December 11, 2008 in City

Large nose leads the way to a small world

By The Spokesman-Review
Doug Clark photo

Barfen Parlak displays Spokane brochures, printed in German, at a shop called the Kiosk in Cologne, Germany.
(Full-size photo)

COLOGNE, Germany – It’s a weird, wacky world out here on the global vaudeville circuit.

During my tag-along trips with Charlie Schmidt, Spokane’s Lord of the Nose Dance, I’ve encountered oddballs galore, such as …

A one-armed archer who shot apples off her husband’s head; a handcuffed guy who tumbled around the soapy insides of a running industrial washing machine; and a man dressed only in a Speedo who shared a glass coffin with dozens of ticked-off crabs.

Add to this the ventriloquists, the magicians, the jugglers and one master of the shadow hand puppet art.

And here in Cologne I met Amy Gordon, a Seattle native who has taken kazoo playing where kazoo playing has never gone before.

What a crazy coincidence to bump elbows with another Washingtonian way out here in Germany’s Rhineland.

And a naughty, kazoo-playing Washingtonian at that.

Gordon, 34, told me she has performed her act many times since earning a theater arts degree from Western Washington University.

Unfortunately, the laws of newsprint decency prevent me from being too graphic about where Gordon pretends to put her, ahem, kazoos.

She’s fully clothed, mind you. This is all about the theater of the mind and innuendo.

Let’s just say that the tall and leggy brunette somehow performs “America the Beautiful” – in three-part harmony.

Real estate isn’t the only profession where location is everything.

Gordon’s semi-bawdy act got the Germans guffawing in disbelief during the final taping of the “World of Comedy” show in a TV studio outside Cologne. German television has waaay less trouble with censors than our red, white and prude broadcasters.

Charlie knocked them dead, too. As always, he put his sizable nose to sheet of glass and delivered a moving performance set to a Tom Jones classic.

Why this guy hasn’t landed a commercial for Afrin or Dristan or Kleenex is beyond me.

And so now our journey to Germany is nearing an end.

All that is left is to get this column filed before morning, when we must catch a plane and say “auf Wiedersehen” to this lovely, historic and appealing country.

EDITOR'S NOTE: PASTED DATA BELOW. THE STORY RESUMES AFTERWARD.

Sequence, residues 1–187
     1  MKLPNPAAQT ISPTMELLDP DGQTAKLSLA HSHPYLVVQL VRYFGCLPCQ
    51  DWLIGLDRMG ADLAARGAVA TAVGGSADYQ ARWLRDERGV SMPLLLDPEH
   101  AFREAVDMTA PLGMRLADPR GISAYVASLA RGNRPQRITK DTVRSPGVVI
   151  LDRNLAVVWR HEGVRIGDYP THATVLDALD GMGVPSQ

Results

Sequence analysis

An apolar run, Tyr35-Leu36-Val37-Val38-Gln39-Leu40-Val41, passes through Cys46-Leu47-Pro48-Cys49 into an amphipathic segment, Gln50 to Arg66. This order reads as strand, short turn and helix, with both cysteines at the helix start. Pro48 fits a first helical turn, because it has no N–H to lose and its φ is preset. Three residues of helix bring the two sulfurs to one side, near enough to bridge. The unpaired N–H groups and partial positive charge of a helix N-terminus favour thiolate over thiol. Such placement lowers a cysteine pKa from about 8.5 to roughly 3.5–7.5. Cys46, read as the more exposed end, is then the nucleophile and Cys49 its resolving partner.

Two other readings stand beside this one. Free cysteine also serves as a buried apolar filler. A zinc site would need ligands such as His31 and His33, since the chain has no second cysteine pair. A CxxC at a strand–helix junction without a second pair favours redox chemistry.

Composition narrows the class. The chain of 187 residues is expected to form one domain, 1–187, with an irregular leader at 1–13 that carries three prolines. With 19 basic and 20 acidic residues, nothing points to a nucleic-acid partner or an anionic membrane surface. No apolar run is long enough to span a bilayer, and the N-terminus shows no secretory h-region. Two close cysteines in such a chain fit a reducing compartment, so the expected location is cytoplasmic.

I’ll miss many things about Cologne.

The beer, for example. Cologne has its own municipal brew called Kolsch. This amazingly light and dry beverage is specifically designed to help the bratwurst go down.

Alas, I must report mixed results in my mission on behalf of our Convention & Visitors Bureau. As I mentioned previously, the CVB’s Pam Scott gave me a load of Spokane propaganda to spread to the Germans.

And like a good soldier I filled a pamphlet rack at the Cologne Hilton with Spokane brochures.

Unfortunately, I passed the rack a few hours later to discover that some killjoy (hotel staff, I’m guessing) had taken them all away.

I also left Spokane pamphlets and souvenir pins all around Cologne. I gave a few to Barfen Parlak, who was working the counter at the Kiosk convenience store.

Parlak was such a good sport. She posed for a photograph even though she honestly didn’t know Spokane from Spokan’t.

I had to scrub my plan to win Düsseldorf as our new sister city. Our only time in Düsseldorf was at the airport, coming and going.

Perhaps next time I can shoot for a closer and more gullible Bavarian-style burg to hoodwink.

Leavenworth, say.

Visiting Cologne was such a great change of pace. On Tuesday Charlie and I spent several hours rummaging through the Christmas wares in several holiday markets.

And I must say, the people here are very friendly and open.

I mean really open.

Take the cute young couple who walked arm in arm on a sidewalk near the Dom.

“And we shall not have sex until one o’clock in the morning,” she announced loudly to her companion as they passed by.

No doubt about it. It’s good to have a goal.

So go put that in your kazoo and toot it.

Doug Clark is a columnist for The Spokesman-Review. He can be reached at (509) 459-5432 or

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